Alley 5.5: Discovering Public Art in North Dakota’s Capital City

I’m kinda obsessed with public art. I like the democratic nature of it, how it’s accessible to anyone who passes by. It’s always bothered me that some people think art isn’t for “people like them,” as if you need an art degree or the right connections or a certain dollar amount in your bank account to properly evaluate if you like something or not.

I’m also big into color, texture and re-imagining urban landscapes, so I love that my home state of North Dakota is taking some of its not so camera ready spaces and transforming them into public art. I really do think it makes people think about their city differently — and hopefully think about visual art differently, too. This art alley in the state’s capital city is just the latest example.

Alley 5.5 is a community project that brings artists, non-profits and businesses together to transform an unassuming alley in downtown Bismarck into a showcase for local artists and their work. Located between 5th and 6th Street (running parallel to Main Avenue to the south and Broadway to the north) this spot is a colorful ode to North Dakota history and culture.

Several different murals showcase North Dakota symbols and imagery, from the overt (the great Chief Sitting Bull, the mighty bison and old fashioned wind mills) to more quirky tributes like a oversized mason jars like Grandma used to use and a hip-hop pheasant sporting some serious bling.

My friend Naomi has been marveling over bison since we spotted one on a trip we took to Theodore Roosevelt National park last summer — “Alicia, they’re majestic beasts!” — so of course we had to take her photo in front of every single bison image we spotted. (That’s what friends do, right?)

Some pieces are delightfully random. This mural whimsically combines rubber duckies in eye catching outfits with a portrait of Era Bell Thompson (Bismarck High grad, University of North Dakota student and longtime editor of Ebony Magazine), a trailblazer at a time when women — especially African-American women — were not widely accepted in journalism. (Liz prefers the cowboy ducky, clearly.)

I can’t remember if this photo is by me or Naomi. My phone crashed halfway through our trip and these two ladies got prompted from my second and third shooters to my only shooters very quickly. (Like, immediately. Losing your phone on a press trip is no bueno. Thanks ladies!)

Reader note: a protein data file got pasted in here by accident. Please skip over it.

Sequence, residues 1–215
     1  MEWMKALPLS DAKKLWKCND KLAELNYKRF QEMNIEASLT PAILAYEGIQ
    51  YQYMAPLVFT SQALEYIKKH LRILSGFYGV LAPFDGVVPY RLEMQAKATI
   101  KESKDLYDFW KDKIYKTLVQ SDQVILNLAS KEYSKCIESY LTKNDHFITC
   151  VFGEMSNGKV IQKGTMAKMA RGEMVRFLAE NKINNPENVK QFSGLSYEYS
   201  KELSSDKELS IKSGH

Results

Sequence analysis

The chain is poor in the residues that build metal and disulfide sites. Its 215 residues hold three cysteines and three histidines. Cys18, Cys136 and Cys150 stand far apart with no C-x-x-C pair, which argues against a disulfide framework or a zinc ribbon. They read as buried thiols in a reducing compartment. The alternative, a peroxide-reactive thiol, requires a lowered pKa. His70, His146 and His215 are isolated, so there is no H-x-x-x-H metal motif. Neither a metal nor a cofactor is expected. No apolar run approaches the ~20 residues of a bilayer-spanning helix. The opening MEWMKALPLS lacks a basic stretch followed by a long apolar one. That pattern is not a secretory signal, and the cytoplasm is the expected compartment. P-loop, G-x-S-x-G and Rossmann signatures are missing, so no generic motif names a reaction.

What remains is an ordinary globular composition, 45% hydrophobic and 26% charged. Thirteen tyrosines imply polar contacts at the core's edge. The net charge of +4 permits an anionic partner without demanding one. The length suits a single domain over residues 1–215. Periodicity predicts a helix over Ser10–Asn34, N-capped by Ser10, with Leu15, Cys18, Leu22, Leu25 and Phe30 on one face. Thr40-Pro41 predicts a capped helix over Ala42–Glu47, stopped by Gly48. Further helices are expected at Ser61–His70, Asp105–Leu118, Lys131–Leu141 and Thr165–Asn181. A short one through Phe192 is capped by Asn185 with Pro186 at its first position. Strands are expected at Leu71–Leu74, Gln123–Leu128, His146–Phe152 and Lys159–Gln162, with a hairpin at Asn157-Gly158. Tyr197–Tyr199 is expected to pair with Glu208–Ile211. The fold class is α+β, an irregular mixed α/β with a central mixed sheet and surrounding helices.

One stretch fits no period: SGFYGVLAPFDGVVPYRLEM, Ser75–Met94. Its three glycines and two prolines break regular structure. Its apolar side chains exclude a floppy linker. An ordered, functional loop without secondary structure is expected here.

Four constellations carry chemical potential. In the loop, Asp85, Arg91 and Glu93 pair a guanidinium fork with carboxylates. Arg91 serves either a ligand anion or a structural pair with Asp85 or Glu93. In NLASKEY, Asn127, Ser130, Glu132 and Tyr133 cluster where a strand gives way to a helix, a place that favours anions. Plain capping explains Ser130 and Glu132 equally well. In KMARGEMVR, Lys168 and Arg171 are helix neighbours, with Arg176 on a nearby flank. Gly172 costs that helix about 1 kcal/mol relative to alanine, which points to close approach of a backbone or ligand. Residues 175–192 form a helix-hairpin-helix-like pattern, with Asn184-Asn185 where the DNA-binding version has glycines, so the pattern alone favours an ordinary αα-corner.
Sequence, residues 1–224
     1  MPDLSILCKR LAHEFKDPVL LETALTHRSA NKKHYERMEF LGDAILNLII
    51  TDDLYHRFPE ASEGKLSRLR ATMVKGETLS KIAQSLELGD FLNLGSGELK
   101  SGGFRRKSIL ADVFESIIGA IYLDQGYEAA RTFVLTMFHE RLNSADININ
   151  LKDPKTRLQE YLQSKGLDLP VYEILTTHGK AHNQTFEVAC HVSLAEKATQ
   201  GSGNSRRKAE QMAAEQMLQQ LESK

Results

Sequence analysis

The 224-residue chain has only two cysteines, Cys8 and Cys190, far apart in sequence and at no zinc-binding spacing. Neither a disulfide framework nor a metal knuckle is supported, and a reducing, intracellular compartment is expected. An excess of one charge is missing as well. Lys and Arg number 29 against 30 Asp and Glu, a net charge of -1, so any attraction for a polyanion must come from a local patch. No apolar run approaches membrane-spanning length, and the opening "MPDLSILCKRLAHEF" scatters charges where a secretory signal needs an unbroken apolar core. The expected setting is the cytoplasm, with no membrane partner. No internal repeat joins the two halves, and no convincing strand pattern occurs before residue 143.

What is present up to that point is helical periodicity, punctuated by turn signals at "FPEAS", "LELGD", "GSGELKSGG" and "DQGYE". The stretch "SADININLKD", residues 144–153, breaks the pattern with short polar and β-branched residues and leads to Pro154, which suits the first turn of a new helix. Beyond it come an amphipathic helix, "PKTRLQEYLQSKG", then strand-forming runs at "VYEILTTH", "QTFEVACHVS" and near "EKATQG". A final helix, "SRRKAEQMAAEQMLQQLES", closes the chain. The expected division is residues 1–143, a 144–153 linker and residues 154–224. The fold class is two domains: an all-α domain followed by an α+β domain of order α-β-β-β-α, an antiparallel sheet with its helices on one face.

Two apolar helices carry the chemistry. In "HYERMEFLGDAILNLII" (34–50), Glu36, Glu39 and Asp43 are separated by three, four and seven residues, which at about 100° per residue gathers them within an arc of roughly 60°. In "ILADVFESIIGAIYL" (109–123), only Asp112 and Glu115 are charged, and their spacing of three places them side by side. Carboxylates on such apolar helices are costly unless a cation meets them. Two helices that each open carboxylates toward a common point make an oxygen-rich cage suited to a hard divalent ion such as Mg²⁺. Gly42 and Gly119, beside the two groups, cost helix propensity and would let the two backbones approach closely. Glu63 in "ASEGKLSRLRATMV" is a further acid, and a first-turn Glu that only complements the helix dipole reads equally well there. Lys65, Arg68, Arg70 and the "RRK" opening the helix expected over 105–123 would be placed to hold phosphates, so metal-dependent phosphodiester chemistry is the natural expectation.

A word on this last photo. Ms. Naomi is the only person I know who has ever asked me how many counties in North Dakota I’ve visited. She tick most of them off, despite the fact that she now lives in Minnesota again. She also insists that it’s important know all of the county seats in the state you live in. (A particular brand of passionate and very specific nerdiness is a trait I recognize and prize in myself and my closest friends.)

So I was dying to show her this county map. It even has a bison! It’s tailor made for Naomi! But what was the first thing she saw when she looked at it?

Lawrence Welk. Seriously. This photo shows her genuine reaction.

I’m pretty sure she is the only person under the age of 80 who still squeals for Lawrence Welk. This is one of the many things I adore about her. Life is short, right? Love what you love.

For those of you who are not from North Dakota and/or a senior citizen, Mr. Welk was a variety show host, big band leader and accordion player born near Strasburg, North Dakota in 1903. You can visit his homestead today.

To be clear, I have nothing against Mr. Welk or his music. I just found her reaction refreshing. And it’s not often that my obscure knowledge of North Dakota historical trivia is actually enlightening in everyday conversation.

Art usually gets people talking and I figured our jaunt down Alley 5.5 would start an interesting conversation or two. But I never imagined we’d walk into Laughing Sun Brewing Company, just down the street, still discussing a long deceased band leader…and rubber duckies.

It’s good to know that art — and your friends — can still surprise you.

Photo by Elizabeth Mieke

What about you?
What do you think of Alley 5.5?
Do you have a favorite piece in this alley?
What would you like to see added? (There’s an expansion planned for this summer.)
What’s your favorite place to see public art?

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